David Bowie, Where Art Thou? [Originally posted in 2006 -- ten years ago!]
David Bowie (1/8/1947-) is one cool dude. I've been lucky enough to have seen him in various venues over the years, but the last time was by far the best -- at the relatively small Detroit State Theater on September 21, 1997. He was in perfect pitch and riding the catchy Earthling album with its techno overtones ("I'm Afraid of Americans" is hilariously cool). He spryly moved around the stage, sometimes barefoot, seeming both very earthly and very much a Cosmonaut at the same time.
What's especially heartening about Bowie is that, yes, he can do the "I'm a millionaire pop star" thing as well as anyone, but he's chosen -- much like Prince -- to stick to his own guns over the long march. He remains true to form, and very much in touch with technology and its cross-genre artistic possibilities. I adore his music and like many of his movie appearances (must see again The Man Who Fell to Earth for one trippy example, an ultimately sad 1976 tale of a fallen alien stuck on Earth while his home planet slowly dies), but have my favorites.
It's hard to beat the dazzling concept album, The Rise and Fall of Ziggy Stardust and the Spiders from Mars (1972), which was so at odds with the waning hippy ideals of the time, so perfectly attuned to undercurrents of global social changes and the explosion of punk and New Wave on the horizon. Then there's the electric shocker Aladdin Sane (1973), featuring "Panic in Detroit" and a sonic romp through the Rolling Stones' "Let's Spend the Night Together," among other treats. Ramble on through the eerie Diamond Dogs (1974) to the groovy plastic pop of Young Americans (1975), the lyrical and occasionally overarching Station to Station (1976), and the revolutionary "Berlin trilogy," Low (1977), "Heroes" (1977), and Lodger (1979). Bowie had already done some fine work with Lou Reed and Iggy Pop to everyone's benefit, as well. Next, there's another wild and sometimes campy romp via Scary Monsters (and Super Creeps), followed by another bid for mainstream pop stardom in Let's Dance (1983). Throw in always entertaining and sometimes bizarre videos, and presto, this period would have been enough successful output for any "normal" artist's entire career.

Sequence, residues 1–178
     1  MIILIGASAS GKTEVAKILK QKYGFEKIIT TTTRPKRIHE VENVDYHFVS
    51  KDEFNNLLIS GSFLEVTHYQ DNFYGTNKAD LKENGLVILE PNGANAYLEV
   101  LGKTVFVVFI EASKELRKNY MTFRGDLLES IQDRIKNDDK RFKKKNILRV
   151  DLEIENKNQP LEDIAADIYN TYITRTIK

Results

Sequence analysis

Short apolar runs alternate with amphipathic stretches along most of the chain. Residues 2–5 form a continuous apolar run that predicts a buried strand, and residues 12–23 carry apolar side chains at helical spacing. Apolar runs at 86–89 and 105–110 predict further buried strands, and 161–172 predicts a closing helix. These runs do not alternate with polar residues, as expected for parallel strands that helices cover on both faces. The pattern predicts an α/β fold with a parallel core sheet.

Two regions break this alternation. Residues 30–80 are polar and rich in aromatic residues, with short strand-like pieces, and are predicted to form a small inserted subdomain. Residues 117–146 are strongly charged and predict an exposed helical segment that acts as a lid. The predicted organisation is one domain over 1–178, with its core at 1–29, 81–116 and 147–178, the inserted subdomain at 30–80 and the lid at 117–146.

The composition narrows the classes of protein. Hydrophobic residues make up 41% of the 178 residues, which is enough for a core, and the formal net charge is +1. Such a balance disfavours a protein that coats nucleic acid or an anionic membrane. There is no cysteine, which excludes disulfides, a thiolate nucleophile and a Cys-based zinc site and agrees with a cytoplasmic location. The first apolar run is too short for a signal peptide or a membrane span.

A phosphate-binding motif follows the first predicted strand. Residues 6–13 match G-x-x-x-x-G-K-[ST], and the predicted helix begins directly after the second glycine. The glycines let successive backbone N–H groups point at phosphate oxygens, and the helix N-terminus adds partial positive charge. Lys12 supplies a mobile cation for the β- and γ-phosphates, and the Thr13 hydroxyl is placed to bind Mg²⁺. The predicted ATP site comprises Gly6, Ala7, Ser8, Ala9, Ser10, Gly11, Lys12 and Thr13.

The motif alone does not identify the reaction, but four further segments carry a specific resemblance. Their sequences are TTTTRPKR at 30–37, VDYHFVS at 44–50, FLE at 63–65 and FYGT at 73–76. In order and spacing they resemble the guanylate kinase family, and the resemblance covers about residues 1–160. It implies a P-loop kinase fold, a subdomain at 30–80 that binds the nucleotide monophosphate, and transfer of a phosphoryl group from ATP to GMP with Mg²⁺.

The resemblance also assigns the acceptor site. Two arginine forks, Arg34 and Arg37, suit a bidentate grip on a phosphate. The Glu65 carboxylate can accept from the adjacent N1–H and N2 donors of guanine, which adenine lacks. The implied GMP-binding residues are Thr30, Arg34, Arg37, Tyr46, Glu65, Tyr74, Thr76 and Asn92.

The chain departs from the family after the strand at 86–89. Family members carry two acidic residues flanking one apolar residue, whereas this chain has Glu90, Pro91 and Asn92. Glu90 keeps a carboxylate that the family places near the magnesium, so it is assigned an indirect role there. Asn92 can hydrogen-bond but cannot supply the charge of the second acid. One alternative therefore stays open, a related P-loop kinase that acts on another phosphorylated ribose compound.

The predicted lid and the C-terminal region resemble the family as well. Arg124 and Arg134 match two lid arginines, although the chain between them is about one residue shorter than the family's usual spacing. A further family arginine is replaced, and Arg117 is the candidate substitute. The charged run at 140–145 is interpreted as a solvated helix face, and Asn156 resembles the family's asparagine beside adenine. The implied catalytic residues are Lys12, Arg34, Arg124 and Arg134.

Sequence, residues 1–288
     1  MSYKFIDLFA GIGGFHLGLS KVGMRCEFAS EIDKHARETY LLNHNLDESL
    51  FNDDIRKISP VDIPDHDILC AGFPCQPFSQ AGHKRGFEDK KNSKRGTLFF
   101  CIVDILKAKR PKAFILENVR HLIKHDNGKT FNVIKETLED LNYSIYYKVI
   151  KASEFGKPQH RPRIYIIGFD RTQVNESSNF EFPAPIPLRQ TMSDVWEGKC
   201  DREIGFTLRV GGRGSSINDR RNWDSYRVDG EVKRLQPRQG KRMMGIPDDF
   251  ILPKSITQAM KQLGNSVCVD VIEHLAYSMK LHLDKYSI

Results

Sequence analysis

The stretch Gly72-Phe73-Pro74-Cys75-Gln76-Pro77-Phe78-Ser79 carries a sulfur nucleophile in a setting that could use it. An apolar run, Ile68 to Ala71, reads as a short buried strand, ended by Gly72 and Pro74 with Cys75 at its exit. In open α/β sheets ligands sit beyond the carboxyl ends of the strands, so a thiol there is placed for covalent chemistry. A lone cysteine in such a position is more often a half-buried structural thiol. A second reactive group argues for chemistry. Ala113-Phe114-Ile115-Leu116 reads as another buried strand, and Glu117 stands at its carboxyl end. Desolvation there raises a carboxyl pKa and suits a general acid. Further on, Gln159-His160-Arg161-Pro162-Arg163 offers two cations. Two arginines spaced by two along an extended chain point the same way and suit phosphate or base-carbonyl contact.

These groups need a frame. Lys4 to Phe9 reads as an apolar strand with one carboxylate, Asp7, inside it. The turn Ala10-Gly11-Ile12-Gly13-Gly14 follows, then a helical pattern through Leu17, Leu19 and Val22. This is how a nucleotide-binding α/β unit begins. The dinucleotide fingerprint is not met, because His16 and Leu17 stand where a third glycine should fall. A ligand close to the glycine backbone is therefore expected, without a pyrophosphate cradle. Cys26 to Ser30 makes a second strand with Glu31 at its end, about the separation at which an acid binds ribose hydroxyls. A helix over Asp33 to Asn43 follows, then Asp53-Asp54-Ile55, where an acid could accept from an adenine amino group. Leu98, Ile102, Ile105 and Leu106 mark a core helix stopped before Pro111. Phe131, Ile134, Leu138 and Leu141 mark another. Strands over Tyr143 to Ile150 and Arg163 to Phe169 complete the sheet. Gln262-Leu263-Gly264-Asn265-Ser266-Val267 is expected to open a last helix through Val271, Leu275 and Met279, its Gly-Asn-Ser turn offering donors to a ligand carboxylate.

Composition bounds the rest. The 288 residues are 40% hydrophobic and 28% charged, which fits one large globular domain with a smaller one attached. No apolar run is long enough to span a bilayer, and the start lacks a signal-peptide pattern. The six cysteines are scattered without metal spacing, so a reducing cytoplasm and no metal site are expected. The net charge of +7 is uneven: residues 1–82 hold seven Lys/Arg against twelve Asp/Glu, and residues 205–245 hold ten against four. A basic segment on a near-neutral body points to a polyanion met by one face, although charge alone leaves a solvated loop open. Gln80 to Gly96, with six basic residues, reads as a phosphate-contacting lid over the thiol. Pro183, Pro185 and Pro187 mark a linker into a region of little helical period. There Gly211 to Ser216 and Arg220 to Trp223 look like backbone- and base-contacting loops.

Bowie continued, though he slowed down the pace a bit. Here's where he and Prince again moved on parallel lines, though Bowie never took the drastic step of calling himself "The Artist Formerly Known as David Bowie."
During his Reality Tour in 2004, he suffered chest pains and underwent a sudden angioplasty, and has been understandably taking it relatively easy since then. Based in New York City, he continues working; his recent comings and goings can be found on his buzzing website, complete with alien-tinged motifs, at: www.davidbowie.com Check out the BowieNet for a little adventure in cyberworld.
Viva David Bowie! May the man who shares Elvis' birthday rise again.
[RIP David Bowie, 1947-2016]